Progress Letter with Enclosures |My course tutor

Posted: March 3rd, 2023

Will anyone help me with this assignment? I have attached the instructions with pages from the book on the same attachment. I have attached what my research was on. I also attached Annotated Bibliography

Progress Letter with Enclosures

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Students will:

· Write a progress letter with headings of the accomplishments to date on their major report.

· Enclose with the letter a description of at least one completed primary source.

· Enclose with the letter an annotated bibliography with a minimum of seven sources of both primary and secondary sources, highlighting the relevant content.


Progress reports can be written in different formats, including letters, emails, memos, charts, reports, and forms.  Progress reports are often the documentation required to receive payment for work completed or the installment to provide funds for the next step in an approved plan.


Your progress letter tells me what research you have completed on your major report and whether there are problems.  It also helps to meet your timeline for finishing the major report.  Use headings in the letter to distinguish work completed, work in progress, work to be done, and problems, or organize headings by dates (e.g., February 14-21, March 1-4, etc.) or types of research, such as web search, interview conducted, survey distributed, or draft written.

There are three parts to this assignment:

(1)  Progress letter [35 points] (with two enclosures, which are the primary research and annotated bibliography).  Remember to include Enclosure or Encl. below the type-written name.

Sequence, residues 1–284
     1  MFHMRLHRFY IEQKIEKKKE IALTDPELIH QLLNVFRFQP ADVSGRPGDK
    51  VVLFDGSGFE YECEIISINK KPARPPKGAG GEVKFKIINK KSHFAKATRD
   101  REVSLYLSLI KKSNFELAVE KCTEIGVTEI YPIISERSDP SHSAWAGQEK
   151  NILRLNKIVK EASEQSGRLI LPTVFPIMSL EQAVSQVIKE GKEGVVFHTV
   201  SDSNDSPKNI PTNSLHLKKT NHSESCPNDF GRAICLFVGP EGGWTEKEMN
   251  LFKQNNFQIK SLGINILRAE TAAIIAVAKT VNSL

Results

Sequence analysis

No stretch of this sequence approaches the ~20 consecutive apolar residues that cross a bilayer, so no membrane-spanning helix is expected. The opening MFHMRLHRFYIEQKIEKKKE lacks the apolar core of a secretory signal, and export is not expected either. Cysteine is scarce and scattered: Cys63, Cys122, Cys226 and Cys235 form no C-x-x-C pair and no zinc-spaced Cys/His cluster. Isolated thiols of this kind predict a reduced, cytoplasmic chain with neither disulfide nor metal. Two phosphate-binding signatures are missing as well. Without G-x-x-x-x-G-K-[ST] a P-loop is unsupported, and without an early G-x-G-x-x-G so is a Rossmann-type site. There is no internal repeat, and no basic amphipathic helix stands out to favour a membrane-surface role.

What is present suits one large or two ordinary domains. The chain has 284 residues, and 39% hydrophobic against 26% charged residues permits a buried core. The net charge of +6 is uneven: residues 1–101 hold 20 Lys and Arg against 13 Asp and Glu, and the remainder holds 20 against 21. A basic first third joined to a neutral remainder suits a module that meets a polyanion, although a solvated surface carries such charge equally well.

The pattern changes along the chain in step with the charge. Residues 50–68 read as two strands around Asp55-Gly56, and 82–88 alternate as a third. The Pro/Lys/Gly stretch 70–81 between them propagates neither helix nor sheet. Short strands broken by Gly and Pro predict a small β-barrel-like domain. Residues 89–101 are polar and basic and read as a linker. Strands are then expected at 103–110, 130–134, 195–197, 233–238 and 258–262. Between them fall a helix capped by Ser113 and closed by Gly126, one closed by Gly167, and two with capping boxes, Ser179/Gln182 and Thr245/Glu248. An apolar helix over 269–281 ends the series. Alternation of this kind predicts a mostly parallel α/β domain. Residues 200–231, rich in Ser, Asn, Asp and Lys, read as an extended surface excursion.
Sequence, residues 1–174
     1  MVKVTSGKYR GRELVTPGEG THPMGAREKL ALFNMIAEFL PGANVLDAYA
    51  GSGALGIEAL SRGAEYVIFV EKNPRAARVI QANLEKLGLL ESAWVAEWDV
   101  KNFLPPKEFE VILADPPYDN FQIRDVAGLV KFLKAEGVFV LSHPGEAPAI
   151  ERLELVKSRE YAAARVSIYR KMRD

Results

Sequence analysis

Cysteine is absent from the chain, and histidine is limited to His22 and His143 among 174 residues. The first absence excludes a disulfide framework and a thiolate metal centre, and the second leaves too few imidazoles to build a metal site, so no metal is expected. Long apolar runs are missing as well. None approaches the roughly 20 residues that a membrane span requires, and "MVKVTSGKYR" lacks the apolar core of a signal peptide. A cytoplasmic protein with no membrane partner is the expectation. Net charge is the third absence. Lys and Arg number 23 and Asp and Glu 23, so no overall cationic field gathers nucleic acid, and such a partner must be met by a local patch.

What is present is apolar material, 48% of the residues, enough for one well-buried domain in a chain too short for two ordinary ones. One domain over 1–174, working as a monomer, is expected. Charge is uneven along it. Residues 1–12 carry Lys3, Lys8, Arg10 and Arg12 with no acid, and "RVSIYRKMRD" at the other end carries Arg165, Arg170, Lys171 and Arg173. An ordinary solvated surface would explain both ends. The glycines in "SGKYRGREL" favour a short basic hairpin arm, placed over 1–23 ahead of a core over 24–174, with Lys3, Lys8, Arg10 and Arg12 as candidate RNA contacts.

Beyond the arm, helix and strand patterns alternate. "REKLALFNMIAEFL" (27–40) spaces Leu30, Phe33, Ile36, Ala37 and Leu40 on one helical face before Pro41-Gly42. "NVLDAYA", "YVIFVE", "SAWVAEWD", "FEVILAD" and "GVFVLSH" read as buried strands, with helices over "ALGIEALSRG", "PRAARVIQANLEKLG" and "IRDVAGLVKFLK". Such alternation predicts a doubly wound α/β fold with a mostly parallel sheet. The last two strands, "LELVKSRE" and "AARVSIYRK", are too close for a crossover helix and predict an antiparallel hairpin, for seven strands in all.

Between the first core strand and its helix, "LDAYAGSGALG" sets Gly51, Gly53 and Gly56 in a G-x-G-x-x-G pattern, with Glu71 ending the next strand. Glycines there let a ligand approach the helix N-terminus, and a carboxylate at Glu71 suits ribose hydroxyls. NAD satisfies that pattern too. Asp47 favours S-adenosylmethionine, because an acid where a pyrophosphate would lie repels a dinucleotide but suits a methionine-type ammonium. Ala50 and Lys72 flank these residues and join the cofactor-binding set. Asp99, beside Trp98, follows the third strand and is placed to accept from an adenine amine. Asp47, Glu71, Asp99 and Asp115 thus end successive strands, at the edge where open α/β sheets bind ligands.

(2)  Primary research [30 points}.  Include one, such as an interview transcript (sample on page 261), survey results, or other approved source.

(3)  Annotated bibliography [35 points], list of at least 7 sources including two from primary research.  Include one to four sentences about the source; these sentences are also called annotations or descriptive abstracts.  Note:  Your sources may have changed since your proposal.  Your research may have led you to other materials that are more pertinent.  Your interviewee may have given you new perspectives on the topic or set parameters, such as a limit on the budget, number of people attending an event, or companies to solicit for bids.





Pages from the book



A progress report, such as those in Figures 14.4 and 14.5, informs readers about the status of an ongoing project. It lets them know how much and what type of work has been done by a particular date, by whom, how well, and how close the entire job is to being completed. A progress report reveals whether you are


specifying what work has been done


keeping on your schedule


staying within your budget


using the proper technology or equipment


making the right assignments


identifying an unexpected problem


providing adjustments in schedules, personnel, location, etc.


indicating what work remains to be done


completing the job efficiently, correctly, and according to codes